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BU Packs Punch in Heavyweight Bout Win over Cornell



by Scott Weighart,

BOSTON – Boston University’s 3-2 win over Cornell may not have been the most exciting regular-season game in the history of Agganis Arena.

Then again, it’s hard to recall a game that would definitely top it.


With then-No. 7 BU hosting then-No. 14/15 Cornell, the game lived up to its billing as a heavyweight bout. The Terriers took it to the Big Red early but couldn’t score. Cornell dominated late in the first period and pulled ahead, 1-0. BU tied it up in the second, only to fall behind 2-1 thanks to their foe’s tic-tac-toe passing near the net.

The Terriers squandered not one but two five-on-three power plays, including a lengthy one late in the second period. Just when it looked like Cornell had dodged a bullet going into the second intermission, though, Jeremy Wilmer tapped in a Ryan Greene pass with just 9.7 seconds left in the period to equalize the game again.


It seemed like BU would have all of the momentum going into the final frame. Instead, Cornell took its third lead of the night at the 8:20 mark. Just when the Terrier faithful were starting to get anxious about the outcome, senior captain Domenick Fensore tied it up yet again on a power-play shot from the left-wing circle.


As the period wound down to its final minute, almost everyone in the building envisioned a thrilling three-on-three overtime period.

Not so fast. This heavyweight bout was decided by a skater who fits more into the middleweight class. After some deft passing from seniors Matt Brown and Jay O’Brien, 5-9 freshman Lane Hutson buried a shot from the left-wing circle with just 3.8 seconds left on the clock. This gave BU a stunning win in a game it had led for only those last 3.8 seconds.


“It was a great hockey game,” BU coach Jay Pandolfo said outside of the Terrier locker room afterwards. “They’re a heck of a hockey team over there. They really compete hard. They’re hard on pucks; they’re very well coached. The game had a bit of everything. It was physical. There were power-play goals. There were good penalty kills, great blocks, and great goals. It went back-and-forth and to be able to finish it with three seconds left, pretty incredible. I give our guys a lot of credit with sticking with it.”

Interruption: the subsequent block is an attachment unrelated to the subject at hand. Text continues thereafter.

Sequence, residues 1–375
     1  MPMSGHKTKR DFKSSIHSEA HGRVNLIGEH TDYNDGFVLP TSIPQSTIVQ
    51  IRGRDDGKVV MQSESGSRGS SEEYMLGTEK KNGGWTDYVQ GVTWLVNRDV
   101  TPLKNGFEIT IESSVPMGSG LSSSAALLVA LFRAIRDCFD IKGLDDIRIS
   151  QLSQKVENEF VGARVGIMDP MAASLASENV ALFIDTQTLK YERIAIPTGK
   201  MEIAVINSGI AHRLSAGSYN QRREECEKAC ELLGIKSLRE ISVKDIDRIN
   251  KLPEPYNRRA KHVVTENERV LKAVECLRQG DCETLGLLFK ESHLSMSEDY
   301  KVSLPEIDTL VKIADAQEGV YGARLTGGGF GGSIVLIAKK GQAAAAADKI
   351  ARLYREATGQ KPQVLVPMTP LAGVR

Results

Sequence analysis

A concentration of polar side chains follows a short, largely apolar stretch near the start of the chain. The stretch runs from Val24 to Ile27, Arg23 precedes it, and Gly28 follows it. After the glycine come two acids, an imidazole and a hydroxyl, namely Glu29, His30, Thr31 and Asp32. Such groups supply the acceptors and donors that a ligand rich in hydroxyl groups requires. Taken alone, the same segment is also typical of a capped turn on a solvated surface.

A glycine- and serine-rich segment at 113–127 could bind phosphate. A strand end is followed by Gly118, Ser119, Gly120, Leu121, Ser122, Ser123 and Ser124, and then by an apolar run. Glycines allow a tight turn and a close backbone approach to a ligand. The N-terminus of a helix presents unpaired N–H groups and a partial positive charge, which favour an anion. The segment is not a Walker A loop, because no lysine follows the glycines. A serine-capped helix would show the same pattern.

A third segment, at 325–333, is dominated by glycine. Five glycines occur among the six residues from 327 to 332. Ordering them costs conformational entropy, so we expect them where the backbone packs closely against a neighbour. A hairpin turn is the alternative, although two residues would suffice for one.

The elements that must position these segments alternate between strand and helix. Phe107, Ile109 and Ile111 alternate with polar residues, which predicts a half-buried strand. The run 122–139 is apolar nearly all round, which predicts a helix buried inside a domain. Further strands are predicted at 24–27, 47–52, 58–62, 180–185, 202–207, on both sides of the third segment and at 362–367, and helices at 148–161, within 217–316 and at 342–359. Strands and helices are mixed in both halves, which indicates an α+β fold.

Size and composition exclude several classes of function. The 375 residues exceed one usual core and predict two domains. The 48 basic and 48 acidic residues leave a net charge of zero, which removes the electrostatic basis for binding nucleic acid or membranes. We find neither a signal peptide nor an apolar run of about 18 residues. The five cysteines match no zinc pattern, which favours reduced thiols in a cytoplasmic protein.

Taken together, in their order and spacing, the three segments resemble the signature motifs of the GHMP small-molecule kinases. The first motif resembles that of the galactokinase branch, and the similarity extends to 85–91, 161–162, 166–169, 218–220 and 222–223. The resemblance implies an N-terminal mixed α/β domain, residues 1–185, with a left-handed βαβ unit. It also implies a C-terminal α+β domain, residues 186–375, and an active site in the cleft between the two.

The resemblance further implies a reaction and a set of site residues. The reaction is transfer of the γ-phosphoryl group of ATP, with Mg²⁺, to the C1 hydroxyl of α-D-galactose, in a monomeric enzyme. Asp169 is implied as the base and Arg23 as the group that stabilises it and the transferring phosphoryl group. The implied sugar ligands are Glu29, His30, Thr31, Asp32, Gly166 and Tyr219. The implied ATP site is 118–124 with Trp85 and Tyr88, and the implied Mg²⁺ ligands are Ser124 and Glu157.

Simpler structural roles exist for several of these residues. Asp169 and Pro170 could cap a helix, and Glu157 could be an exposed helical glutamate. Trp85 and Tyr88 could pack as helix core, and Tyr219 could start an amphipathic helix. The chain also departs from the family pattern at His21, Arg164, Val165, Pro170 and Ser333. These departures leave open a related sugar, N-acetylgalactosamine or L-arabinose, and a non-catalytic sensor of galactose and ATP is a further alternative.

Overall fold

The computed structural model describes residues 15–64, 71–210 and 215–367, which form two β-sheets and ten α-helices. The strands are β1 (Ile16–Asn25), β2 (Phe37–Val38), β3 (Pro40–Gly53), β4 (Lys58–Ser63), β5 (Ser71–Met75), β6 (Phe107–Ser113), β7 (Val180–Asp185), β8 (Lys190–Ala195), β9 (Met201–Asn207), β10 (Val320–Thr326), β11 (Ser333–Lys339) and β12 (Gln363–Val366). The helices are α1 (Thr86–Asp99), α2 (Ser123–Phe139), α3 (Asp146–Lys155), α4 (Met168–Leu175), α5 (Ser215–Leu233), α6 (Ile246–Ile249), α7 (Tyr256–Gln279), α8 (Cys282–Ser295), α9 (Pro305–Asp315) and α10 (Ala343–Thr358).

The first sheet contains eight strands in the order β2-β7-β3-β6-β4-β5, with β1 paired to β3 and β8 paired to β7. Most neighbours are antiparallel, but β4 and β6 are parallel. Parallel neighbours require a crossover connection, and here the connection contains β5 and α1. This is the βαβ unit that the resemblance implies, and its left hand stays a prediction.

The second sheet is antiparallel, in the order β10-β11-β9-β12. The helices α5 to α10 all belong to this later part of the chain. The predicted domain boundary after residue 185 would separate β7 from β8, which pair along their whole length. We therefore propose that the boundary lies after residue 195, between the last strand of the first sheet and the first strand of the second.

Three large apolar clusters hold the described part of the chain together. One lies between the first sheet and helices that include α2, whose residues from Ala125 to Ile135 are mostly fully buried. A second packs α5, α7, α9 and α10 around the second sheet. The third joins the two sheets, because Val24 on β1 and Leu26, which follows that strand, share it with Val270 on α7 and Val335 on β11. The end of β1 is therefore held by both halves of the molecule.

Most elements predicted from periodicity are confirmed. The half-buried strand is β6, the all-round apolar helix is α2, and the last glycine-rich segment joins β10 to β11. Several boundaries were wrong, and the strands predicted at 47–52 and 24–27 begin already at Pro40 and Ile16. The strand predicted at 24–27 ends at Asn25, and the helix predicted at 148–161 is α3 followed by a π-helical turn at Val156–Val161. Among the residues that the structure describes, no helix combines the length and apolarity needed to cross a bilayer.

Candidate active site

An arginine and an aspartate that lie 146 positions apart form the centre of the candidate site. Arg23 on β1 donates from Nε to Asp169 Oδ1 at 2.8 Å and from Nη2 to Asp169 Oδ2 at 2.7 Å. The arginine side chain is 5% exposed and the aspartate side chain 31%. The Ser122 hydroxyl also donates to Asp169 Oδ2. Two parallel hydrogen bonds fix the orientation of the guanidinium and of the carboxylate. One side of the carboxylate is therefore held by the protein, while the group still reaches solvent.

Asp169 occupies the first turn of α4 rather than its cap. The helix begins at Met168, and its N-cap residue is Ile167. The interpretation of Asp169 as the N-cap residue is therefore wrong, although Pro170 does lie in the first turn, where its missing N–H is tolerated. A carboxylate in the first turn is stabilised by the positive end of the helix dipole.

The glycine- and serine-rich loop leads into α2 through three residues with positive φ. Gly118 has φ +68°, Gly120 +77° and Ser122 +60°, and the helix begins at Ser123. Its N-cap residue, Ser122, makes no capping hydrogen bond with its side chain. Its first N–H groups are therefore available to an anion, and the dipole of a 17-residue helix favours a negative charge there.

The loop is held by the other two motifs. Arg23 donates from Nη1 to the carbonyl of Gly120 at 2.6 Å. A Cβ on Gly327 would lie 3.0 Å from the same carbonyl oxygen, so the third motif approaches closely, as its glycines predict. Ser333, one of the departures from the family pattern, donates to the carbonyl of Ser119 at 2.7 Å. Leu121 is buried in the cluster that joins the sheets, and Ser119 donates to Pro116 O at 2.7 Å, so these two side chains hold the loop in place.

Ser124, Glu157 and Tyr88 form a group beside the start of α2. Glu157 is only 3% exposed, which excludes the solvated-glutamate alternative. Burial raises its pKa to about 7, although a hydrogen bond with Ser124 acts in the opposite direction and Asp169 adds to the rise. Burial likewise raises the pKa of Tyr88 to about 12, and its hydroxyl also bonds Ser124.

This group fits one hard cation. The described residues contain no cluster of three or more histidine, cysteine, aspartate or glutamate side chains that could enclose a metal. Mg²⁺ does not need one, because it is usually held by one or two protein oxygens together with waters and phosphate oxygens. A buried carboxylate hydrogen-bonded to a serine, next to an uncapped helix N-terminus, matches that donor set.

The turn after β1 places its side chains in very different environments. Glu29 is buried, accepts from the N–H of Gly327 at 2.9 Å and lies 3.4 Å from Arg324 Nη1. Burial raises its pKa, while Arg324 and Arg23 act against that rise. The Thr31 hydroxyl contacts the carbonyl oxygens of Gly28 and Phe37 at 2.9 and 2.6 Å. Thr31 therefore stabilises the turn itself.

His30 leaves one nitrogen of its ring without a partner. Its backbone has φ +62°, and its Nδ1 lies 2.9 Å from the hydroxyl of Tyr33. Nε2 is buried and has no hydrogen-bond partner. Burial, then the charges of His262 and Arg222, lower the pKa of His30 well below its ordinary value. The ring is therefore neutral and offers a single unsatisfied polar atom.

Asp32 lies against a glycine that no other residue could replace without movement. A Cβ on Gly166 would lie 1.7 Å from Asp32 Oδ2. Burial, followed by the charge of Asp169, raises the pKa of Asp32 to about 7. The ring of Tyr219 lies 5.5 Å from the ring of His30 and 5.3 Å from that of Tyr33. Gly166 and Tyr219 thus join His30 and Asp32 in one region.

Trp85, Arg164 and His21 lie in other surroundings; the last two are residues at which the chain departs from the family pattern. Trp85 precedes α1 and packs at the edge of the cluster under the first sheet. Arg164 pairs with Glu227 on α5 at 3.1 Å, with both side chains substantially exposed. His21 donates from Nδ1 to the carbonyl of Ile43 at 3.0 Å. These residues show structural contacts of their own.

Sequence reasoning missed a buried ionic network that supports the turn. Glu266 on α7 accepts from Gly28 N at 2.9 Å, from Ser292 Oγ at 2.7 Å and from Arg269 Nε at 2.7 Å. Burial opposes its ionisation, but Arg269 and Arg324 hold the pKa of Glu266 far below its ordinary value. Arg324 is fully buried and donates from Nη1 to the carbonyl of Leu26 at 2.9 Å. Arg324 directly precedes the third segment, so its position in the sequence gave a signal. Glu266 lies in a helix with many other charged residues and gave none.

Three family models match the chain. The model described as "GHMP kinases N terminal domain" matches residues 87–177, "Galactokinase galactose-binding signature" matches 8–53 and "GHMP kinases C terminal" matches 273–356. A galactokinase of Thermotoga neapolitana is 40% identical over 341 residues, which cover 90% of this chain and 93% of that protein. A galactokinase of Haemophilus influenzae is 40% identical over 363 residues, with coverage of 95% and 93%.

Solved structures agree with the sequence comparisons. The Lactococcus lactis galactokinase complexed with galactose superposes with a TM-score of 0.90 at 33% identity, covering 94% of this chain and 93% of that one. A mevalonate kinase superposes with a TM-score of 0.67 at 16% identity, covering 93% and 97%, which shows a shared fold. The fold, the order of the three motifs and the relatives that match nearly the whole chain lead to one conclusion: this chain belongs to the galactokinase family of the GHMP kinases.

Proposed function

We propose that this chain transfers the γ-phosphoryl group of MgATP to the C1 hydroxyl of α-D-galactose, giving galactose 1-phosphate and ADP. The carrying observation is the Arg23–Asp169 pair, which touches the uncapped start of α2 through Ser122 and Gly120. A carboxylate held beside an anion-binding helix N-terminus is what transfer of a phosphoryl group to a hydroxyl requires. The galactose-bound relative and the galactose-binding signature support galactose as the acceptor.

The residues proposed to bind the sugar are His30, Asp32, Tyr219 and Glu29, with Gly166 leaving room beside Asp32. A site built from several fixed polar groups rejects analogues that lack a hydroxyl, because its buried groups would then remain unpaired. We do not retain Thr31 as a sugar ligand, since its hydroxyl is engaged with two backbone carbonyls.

“As a regular-season game, it’s got to be up there as one of the biggest wins for our team,” said senior Sam Stevens, who scored the first BU goal by redirecting a Case McCarthy shot from the right point. “I think they’re definitely one of the best teams we played this year. They play hard, they play strong, they’re really structured. They’ve had our number the past couple years too, and it’s really good to see us stick with it. We got down three different times during the game, and our special teams made a big difference.”


Another big factor was the play of the smaller guys. Fensore, Hutson, and Wilmer are all listed as 5-9 or less. Playing against some tall skaters with big strides, the smaller stature of several Terriers appears to be not a bug but a feature.


“No doubt,” Pandolfo said before elaborating on the play of defensemen Fensore and Hutson. “Those guys started getting active on the blue line, and they can attack. They do such a good job of slipping by guys just with one head fake or one shoulder fake, and they’re so good on their edges. They really started attacking, those two guys, and no doubt it can be an advantage against bigger players that aren’t as quick.”


Stevens agreed. “They might be small, but they have a huge heart, and they play the game the right way. They love taking guys on one-on-one, regardless if they’re as tall as them or 6-4. When you see those guys dance on the blue line, it’s pretty special to see.”

“Especially at the blue line, we play more of a man-on-man game,” left wing Luke Tuch said afterwards. “Occasionally they’ll switch off down low and swarm you. Dom was taking guys one-on-one all game, going down the boards and beating them wide.


“Obviously you want to blow teams out, but that was unbelievable,” Tuch added. “Our top players stepped up, made some big plays, and our role players made some great plays, too.”   

While much attention was paid to the third-period heroics of Fensore and Hutson, the game easily could have been out of reach by then if not for the stellar goaltending of junior Drew Commesso. Just 17 seconds after Cornell’s first goal, Commesso came up with a huge save on a backhander by Dalton Bancroft that almost made it 2-0.